1. “I pointed out that it was easy for me to slip back into what I know people expect too, it is one of my family roles…”

        It is easy to do this and in some manners its all right if you want to. It is a way to shy away from certain activities too, if you choose to. Your Mum is falling back on old stereotypes about the guy being in charge and all. I wouldn’t put too much stock in that as she doesn’t know about Dee. One thing that you will see is acceptance is not as strong when you continue to do the same “male oriented” tasks after you’ve transitioned. Women can be leaders and if there were no guys present one would step up, but it wouldn’t need to be you. I no longer feel the need to be in charge, so it works for me.

        You are still in that awkward stage where only a few people know, so don’t get frustrated. It will pass.

        Liked by 1 person

      2. Very true Judi, I think my historic family dynamic is one of the reasons I have always been aware of the existence of Male privilege and that fine line between empathy and mansplaining! I am very content to not be in charge! I am hoping that the counselling will help me to move forward in a few different ways sooner rather than later.


      3. I’m glad to hear you’re reading Dara’s book. Take it slowly (as you’re going). Let their words sink in, possibly talk about what you read with your therapist.

        “…I was helping my sister move house this weekend and was informed of a conversation that two of them had about me where they said they found it hard to see my femininity…”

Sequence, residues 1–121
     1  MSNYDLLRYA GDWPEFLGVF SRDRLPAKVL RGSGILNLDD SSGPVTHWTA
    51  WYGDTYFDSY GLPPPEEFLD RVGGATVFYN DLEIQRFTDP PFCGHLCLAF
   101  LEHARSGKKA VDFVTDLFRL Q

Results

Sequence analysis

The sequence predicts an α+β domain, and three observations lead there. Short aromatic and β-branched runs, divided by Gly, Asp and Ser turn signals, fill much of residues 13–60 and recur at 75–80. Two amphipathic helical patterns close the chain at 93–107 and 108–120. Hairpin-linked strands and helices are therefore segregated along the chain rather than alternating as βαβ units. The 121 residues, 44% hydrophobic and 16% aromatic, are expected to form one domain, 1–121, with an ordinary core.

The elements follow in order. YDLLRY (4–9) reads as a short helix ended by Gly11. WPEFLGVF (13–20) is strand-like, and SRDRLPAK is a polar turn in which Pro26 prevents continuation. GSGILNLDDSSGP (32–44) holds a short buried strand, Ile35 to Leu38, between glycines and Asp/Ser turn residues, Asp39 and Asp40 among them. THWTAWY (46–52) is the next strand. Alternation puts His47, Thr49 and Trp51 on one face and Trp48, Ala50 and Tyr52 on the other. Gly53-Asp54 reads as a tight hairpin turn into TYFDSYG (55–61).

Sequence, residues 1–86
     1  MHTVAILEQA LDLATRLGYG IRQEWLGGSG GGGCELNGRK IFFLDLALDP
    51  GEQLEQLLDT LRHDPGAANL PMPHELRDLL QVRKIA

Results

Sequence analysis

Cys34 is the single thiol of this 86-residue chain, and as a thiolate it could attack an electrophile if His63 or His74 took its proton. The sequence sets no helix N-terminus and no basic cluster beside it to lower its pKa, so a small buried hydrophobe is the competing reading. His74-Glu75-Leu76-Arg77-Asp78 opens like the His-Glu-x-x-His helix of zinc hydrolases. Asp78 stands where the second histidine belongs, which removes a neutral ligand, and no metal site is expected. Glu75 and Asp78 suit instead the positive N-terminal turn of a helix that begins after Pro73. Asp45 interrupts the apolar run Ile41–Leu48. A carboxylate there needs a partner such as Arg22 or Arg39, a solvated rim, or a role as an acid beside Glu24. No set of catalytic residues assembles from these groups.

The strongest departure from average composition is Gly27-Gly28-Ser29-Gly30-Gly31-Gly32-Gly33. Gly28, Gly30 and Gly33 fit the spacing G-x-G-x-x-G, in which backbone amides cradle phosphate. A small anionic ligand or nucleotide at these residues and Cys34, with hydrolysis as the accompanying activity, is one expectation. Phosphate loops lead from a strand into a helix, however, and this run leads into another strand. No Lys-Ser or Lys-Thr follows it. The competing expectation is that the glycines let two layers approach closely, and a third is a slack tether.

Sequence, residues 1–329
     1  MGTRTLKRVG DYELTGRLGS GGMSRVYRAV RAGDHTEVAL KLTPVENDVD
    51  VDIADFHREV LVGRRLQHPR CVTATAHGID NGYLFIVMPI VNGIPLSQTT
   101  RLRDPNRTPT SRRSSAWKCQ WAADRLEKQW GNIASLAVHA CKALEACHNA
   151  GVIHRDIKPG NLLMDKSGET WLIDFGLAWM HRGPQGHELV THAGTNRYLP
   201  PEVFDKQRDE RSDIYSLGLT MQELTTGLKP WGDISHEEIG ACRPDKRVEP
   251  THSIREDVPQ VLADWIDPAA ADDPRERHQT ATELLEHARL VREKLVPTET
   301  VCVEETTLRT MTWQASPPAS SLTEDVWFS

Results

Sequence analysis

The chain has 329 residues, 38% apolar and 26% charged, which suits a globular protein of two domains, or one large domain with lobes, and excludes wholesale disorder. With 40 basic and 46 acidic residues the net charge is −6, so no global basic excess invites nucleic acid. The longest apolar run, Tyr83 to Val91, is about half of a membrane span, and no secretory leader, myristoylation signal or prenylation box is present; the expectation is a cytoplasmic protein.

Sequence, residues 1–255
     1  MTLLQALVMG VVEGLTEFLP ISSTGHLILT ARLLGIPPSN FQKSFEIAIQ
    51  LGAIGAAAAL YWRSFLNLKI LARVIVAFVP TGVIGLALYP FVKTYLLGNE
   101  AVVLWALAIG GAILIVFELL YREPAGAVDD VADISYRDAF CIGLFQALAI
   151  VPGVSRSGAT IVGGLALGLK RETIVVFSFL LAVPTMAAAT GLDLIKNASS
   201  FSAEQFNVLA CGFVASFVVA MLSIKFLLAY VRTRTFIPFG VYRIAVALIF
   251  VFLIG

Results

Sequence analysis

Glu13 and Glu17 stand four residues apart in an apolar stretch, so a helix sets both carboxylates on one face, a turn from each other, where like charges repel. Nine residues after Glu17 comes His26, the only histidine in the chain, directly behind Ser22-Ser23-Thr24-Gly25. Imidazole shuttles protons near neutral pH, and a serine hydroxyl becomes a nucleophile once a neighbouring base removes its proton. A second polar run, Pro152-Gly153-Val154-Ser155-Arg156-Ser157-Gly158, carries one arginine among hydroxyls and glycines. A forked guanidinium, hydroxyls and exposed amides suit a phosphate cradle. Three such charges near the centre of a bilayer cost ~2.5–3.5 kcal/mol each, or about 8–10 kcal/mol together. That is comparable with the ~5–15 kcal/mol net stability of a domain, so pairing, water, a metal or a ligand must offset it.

I’m not surprised. Our bodies have gone through male puberty which dramatically changes so many visible things, including our voices, mostly irreversibly. I know you know that but I wish to give you some support. The thing is that we’re largely stuck with those changes. What your sisters cannot see is what’s inside you.

        I’m a lesbian so I, like all (?) gay people constantly have our “gay-dar” running, wondering if the other person is also gay, might they be a friend or become more? As a queer person, I have a “trans-dar” running, wondering if someone is trans. Straight cis people (especially women, I think) largely live in blissful ignorance, unaware of these things. Here again, it’s no surprise that they don’t “see” your femininity.

        Regarding doing “typically male” things like furniture moving, driving a truck, and leading is certainly not unfeminine. Yes, their bodies (and ours, after HRT) don’t have the same muscle mass. But if you like driving a truck, do it!

        Look around you and notice anytime you see a woman doing something you might think of as masculine. Riding a motorcycle? Driving a truck? Swearing like a sailor?

        The wonderful thing, Dee, is that part of living authentically is that we can finally be and do what what is true for us. Finally, we have the full spectrum open to us without the narrow limitations that men live within. For me, I narrowed those limitations even more as I was so afraid that anything I might do would be interpreted as feminine.

        Another book suggestion: “Untamed” by Glennon Doyle.

        Liked by 1 person